Arrion hopes the minimum floor price will lead to an increased farmgate price that would support farmer income.

‘A manifest injustice’

Warren said any additional money from the minimum floor price should go to farmers as income rather than be invested in infrastructure.

WCFO’s press release is available in full below.

The president of Ghana said in a press release the minimum price protection aims to address “a manifest injustice”,   a $100bn chocolate industry where less than 5.75% of the value goes to the hard work of farmers, who often live in poverty.

WCFO calls for the world price for farmers

WCFO suggests farmers should receive the floor price for cocoa rather than the farmgate price.

Côte d’Ivoire’s farmgate price for the main crop last year equates to $1,281 per MT – representing 58% of the average world market price ($2,207 – Average of ICCO’s monthly averages of daily prices from October 2018 to end of March 2019).

In Ghana the main crop farmgate price was $1,407 per ton or 64% of average world market prices.

“Farmers are the business people who produce what they produce and have to sell it. So why should they have the farmgate price and not the actual price?” Warren asked.

WCFO is calling for governments to tax farmer income rather than to set a farmgate price.

“When farmers are better off they will improve the economies of their countries ,” said Warren.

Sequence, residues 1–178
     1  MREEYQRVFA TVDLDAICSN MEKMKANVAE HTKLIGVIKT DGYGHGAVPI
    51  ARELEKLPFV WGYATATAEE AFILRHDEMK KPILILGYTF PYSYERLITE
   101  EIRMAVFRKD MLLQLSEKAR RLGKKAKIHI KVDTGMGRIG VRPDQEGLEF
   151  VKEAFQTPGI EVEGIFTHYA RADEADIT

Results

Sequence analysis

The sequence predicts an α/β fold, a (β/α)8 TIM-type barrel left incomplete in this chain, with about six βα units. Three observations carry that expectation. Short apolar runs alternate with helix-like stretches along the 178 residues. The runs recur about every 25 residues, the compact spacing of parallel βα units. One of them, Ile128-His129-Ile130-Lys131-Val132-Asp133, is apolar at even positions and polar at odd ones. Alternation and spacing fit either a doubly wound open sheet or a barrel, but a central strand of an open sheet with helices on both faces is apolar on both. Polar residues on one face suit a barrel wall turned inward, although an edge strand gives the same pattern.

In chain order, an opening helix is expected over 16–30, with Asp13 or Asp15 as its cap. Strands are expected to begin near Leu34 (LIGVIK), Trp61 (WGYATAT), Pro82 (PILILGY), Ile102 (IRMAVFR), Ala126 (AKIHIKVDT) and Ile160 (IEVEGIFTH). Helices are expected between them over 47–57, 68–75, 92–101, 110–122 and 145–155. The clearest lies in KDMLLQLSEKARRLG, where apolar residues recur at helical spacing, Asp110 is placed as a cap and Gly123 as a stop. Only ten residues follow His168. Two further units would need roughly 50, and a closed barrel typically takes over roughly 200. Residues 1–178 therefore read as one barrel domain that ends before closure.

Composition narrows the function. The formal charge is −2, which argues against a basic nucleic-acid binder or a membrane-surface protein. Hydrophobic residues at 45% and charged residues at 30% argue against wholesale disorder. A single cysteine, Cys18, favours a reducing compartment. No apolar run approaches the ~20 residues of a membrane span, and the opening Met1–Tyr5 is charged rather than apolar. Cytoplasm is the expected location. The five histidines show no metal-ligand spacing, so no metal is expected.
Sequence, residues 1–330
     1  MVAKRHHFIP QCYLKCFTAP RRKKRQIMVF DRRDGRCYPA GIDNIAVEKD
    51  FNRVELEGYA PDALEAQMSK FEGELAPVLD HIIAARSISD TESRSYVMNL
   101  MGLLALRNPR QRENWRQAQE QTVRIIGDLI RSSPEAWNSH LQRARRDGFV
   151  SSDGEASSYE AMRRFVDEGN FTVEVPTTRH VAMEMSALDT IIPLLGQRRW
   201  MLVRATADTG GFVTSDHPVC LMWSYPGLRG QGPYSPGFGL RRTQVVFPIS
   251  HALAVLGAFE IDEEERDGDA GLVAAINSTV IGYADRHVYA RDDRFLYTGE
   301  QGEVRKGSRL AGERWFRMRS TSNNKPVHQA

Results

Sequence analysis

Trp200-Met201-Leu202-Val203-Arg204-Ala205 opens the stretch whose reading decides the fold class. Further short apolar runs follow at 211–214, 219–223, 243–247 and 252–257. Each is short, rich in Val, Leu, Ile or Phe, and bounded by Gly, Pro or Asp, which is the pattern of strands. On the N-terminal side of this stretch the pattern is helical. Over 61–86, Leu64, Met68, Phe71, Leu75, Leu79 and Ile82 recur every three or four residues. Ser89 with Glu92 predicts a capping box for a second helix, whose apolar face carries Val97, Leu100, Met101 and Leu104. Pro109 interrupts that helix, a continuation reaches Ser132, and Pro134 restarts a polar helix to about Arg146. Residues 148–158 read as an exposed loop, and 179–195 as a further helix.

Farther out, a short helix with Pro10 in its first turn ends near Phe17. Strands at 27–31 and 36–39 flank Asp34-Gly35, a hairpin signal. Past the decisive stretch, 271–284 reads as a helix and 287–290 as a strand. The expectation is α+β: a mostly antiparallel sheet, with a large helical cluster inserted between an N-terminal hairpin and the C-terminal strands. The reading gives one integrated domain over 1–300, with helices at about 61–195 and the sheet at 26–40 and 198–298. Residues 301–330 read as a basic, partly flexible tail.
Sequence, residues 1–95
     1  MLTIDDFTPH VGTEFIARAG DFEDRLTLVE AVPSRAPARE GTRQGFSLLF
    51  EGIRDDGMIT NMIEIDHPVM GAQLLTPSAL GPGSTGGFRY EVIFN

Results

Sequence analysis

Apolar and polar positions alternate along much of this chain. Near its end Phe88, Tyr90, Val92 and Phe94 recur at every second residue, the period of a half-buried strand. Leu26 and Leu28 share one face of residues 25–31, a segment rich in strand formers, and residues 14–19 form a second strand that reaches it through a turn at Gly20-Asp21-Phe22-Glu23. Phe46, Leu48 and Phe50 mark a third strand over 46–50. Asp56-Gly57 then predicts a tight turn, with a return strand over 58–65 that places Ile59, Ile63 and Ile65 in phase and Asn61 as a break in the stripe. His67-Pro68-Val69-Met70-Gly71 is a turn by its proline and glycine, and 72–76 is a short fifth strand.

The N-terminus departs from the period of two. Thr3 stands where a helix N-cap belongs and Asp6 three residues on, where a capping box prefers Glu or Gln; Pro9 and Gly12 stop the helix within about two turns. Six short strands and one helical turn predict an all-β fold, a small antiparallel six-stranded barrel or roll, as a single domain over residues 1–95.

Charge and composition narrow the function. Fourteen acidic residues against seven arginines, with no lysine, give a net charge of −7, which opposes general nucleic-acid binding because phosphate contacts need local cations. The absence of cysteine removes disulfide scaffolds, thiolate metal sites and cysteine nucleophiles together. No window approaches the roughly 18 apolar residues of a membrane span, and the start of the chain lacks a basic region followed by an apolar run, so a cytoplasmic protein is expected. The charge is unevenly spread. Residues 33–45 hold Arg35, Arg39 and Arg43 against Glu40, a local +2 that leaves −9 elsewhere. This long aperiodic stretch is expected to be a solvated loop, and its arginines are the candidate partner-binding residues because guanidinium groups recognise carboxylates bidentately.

Cocoa economies

Cocoa is a big contributor to the Gross Domestic Product (GDP) of Ghana and Côte d’Ivoire.

Cocoa beans – excluding cocoa butter, power and finished chocolate – generated $3.8bn for Côte d’Ivoire in 2017 making it the country’s top export, accounting for 37% of exports by value, according to OEC figures.

In Ghana, cocoa beans are the third largest export by value, making up 10% of exports or $1.8bn.

Next steps

WCFO will publish a roadmap on how farmers can be part of discussions in September at its conference, the Second Global Cocoa Farmers Conference (GCFC2), which runs from 25 to 26 September 2019 in Abidjan, Côte d’Ivoire.

The Ghana Cocoa Board (Cocobod) said in a press release , a technical meeting will be held on 3 July 2019 in Abidjan to fine tune how the floor price will be implemented.

The release also said other issues, such as traceability, the environment and child labour will be decoupled from the floor price discussions.

SOURCE: CONFECTIONERY NEWS